Based on the insights on factors obstructing the socio-economic integration of refugees in Uganda, addressing them require several key policy steps. We outline the main ones here:
Assess refugees’ skills early, facilitate job matching soon after arrival, and provide upskilling training. While the employment gap between hosts and refugees narrows slightly over time, it never reaches parity. Providing skills assessment soon after refugees arrive and investing in training and labour market integration activities could help refugees get better jobs and wages sooner. Using a standardized approach to measuring skills upon registration of refugees may shorten the time needed to match refugees to labour market skills requirements. Refugees would also benefit from job search and matching programmes to overcome their lack of local knowledge and social networks. Evidence suggests such programmes are associated with positive effects on employment prospects (Battisti, Giesing, and Laurentsyeva 2019).
Recognize overseas qualifications, especially those from the region. The extensive under-employment and downgrading among refugees represent missed opportunities for the local economy as well as for the refugees, as their talents and skills are not put to productive use. Cross-border or regional accreditation standards would facilitate the movement of human capital for Ugandans and refugees. This could be particularly beneficial for Ugandans, given the demographic youth bulge and the increasingly difficult employment situation. It could also potentially improve wage equity and limit poverty for working refugees.
Increase attention linking youth to the labour market. Both hosts and refugees have difficulties finding jobs. The negative consequences of extended unemployment and inactivity in the early years of one’s career include financial hardship, lower employment, and lower long-term earnings prospects. As many young people leave school early and have no qualifications, second chance programmes could help individuals increase their formal education, obtain recognized certifications and improve their chances of finding a job. Employment training should be a combination of institution-based and on-the-job training, as evidence suggests this combination yields higher positive labour market outcomes (Fares and Puerto 2009). Additionally, the expansion and strengthening of national Technical and Vocational Education and Training programmes and accreditation to include refugees should be explored.
More investment in education and training is needed to improve labour market outcomes. Despite the returns to secondary school education, completion rates remain low for refugees. Among youth of secondary school age (between 19 and 23 years old), only 11 percent of refugees completed secondary school versus 24 percent for host communities. Measures to improve education outcomes are critically needed to strengthen the human capital potential of the refugee population. UNHCR and its partners should explore measures such as reducing school tuition, creating scholarships and programmes subsidizing secondary school fees, and providing direct cash transfers to low-income refugee families. These financial support offsets the opportunity cost of the student studying instead of working to provide for the family. For refugees who do not continue to higher levels of education, continuing their education in basic literacy, numeracy, language, and soft skills, followed by vocational training, provides them with better chances of employment.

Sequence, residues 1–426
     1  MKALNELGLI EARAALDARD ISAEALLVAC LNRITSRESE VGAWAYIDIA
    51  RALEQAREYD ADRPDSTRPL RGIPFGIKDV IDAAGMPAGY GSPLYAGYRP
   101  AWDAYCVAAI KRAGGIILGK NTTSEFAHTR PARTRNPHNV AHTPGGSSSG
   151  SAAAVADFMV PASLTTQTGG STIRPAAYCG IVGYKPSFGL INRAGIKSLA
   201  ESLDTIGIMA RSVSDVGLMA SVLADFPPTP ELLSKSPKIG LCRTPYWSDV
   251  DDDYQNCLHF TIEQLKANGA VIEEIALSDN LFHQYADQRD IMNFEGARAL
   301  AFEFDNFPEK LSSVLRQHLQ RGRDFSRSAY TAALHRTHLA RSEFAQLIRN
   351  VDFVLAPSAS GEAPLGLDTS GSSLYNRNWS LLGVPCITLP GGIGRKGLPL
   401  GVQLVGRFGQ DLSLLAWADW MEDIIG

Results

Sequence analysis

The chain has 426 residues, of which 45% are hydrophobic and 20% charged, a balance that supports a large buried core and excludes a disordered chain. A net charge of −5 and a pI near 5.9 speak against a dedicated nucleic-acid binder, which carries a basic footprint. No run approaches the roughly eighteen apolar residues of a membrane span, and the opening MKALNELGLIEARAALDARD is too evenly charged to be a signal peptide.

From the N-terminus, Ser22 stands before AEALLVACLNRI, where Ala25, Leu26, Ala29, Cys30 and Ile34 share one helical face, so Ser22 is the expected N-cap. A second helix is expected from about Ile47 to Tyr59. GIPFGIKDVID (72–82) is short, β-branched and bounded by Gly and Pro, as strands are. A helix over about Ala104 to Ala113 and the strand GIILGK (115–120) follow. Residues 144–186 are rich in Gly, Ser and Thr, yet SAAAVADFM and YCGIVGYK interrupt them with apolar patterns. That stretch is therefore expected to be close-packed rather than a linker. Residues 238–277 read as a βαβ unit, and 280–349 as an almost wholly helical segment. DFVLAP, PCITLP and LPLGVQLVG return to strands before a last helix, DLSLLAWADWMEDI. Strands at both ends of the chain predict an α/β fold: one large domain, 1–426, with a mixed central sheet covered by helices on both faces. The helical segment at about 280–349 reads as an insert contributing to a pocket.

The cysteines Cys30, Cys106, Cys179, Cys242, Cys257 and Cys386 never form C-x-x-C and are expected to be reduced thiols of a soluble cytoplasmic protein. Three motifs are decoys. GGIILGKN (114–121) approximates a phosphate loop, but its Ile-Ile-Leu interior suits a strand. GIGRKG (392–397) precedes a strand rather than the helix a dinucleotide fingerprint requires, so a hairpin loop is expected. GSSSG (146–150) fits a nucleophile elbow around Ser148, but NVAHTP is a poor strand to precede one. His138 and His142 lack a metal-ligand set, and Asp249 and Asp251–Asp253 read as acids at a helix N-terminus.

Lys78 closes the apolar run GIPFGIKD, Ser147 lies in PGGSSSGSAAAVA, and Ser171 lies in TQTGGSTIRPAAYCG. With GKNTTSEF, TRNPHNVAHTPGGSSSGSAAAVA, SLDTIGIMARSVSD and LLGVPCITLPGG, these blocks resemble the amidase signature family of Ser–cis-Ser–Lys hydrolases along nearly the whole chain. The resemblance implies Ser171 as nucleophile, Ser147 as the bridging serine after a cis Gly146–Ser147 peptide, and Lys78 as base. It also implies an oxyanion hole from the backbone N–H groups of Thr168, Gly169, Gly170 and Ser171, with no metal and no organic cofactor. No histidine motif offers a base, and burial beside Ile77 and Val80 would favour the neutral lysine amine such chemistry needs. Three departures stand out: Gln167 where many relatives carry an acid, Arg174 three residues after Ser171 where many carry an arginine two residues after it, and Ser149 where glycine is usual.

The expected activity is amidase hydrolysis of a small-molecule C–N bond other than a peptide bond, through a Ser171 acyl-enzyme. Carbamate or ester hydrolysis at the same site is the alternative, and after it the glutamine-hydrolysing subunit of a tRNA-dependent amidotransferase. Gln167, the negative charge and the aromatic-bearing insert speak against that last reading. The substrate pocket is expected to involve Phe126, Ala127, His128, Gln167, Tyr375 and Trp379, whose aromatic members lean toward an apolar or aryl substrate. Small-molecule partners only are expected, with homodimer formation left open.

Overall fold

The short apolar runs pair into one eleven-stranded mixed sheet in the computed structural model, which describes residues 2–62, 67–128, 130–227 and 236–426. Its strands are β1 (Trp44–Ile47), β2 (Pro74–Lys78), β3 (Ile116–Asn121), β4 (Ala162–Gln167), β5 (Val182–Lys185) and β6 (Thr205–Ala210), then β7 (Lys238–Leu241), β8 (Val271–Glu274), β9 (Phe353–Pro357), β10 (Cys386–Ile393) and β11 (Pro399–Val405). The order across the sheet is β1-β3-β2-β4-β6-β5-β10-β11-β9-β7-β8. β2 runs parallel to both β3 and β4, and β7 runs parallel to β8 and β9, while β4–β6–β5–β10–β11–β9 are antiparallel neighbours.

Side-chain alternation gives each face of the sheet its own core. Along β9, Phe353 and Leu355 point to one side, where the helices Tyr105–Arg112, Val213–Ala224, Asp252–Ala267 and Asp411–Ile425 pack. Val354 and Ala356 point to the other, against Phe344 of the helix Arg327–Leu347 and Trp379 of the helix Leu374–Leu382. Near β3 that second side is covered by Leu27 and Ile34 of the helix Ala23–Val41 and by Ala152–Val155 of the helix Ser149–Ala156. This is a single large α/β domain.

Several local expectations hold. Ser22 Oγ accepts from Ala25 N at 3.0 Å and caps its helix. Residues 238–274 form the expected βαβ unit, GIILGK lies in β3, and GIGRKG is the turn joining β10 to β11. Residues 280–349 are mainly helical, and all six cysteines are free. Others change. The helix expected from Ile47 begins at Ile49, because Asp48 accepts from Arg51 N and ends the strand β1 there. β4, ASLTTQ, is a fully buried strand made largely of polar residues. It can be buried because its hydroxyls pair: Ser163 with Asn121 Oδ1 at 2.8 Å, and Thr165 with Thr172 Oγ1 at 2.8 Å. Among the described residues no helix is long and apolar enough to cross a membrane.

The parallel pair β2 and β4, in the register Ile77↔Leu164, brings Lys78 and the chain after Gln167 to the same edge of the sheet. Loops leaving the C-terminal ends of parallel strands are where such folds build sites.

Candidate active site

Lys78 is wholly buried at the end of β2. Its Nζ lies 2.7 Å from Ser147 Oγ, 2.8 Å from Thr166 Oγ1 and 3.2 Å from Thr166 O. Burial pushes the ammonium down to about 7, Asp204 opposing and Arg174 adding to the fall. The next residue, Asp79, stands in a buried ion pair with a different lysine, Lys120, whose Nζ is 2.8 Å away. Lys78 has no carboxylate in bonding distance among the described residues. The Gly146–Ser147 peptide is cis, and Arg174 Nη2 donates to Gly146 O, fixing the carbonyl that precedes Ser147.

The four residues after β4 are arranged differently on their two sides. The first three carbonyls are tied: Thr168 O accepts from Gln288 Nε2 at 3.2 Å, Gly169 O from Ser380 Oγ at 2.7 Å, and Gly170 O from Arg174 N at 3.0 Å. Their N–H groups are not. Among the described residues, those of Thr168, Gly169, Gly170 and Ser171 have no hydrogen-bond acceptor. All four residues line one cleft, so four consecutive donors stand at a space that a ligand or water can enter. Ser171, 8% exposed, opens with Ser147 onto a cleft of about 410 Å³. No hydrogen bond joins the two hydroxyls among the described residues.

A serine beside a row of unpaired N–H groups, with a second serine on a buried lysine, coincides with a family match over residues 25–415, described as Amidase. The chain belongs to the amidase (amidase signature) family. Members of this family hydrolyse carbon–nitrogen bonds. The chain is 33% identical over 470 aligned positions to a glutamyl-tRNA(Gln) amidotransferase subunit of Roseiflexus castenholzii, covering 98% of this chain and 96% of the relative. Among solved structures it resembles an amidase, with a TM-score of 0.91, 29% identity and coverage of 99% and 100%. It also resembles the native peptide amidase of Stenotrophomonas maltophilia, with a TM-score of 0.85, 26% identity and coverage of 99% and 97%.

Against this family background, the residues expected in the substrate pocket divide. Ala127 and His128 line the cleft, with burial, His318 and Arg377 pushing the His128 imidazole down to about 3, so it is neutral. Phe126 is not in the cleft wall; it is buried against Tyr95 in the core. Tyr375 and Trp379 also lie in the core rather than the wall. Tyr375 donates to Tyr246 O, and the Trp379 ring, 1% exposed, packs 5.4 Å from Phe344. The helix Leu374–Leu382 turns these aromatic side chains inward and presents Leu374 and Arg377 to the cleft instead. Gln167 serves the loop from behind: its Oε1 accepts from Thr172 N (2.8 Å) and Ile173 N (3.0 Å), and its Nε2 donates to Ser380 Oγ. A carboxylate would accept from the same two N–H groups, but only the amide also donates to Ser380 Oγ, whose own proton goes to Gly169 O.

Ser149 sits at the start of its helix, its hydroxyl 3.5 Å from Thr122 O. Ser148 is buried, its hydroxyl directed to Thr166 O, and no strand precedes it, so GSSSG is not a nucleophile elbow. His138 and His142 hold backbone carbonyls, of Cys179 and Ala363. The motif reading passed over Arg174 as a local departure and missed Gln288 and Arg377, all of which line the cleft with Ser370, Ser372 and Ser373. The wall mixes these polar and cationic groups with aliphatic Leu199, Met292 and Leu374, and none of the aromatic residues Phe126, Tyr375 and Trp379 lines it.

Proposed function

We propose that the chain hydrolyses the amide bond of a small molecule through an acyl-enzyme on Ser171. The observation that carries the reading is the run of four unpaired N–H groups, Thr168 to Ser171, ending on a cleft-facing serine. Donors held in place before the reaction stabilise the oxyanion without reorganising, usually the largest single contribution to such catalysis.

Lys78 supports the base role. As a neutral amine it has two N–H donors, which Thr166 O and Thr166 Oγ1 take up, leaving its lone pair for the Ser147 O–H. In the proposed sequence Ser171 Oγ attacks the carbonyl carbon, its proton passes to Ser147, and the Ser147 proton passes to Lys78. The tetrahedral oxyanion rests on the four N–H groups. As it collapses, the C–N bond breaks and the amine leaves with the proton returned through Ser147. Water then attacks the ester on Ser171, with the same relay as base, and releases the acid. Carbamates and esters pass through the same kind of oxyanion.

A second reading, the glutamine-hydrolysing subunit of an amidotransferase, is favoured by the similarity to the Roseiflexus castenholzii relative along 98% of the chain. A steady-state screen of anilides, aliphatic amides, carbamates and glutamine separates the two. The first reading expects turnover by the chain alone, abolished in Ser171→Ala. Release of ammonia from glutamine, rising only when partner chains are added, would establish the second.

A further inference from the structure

Sensitize both refugees and potential employers on refugees’ right to work. Existing evidence indicates that just 21 percent of employers in Uganda reported knowing that refugees are allowed to move freely. Moreover, only a small minority of employers (23 percent) know that refugees have a right to work in Uganda, limiting job opportunities for refugees even further. Refugees would benefit from awareness-raising campaigns for private sector to sensitize on refugees’ right to work. It would be helpful for refugees to advocate for a review of the administrative process for issuing work permits to refugees to access employment.
*Data source. Our study relied on household data collected by the World Bank the Uganda Bureau of Statistics in 2018 in three main refugee-hosting regions: urban Kampala, the SouthWest and West Nile (Figure 1). The data covers refugee and host population. The global geopolitical environment and the risks to economic growth have been negatively impacted since 2018, due to the COVID-19 pandemic and the war in Ukraine. The trends in employment explored in our analysis remain relevant and are insightful for policy discussions.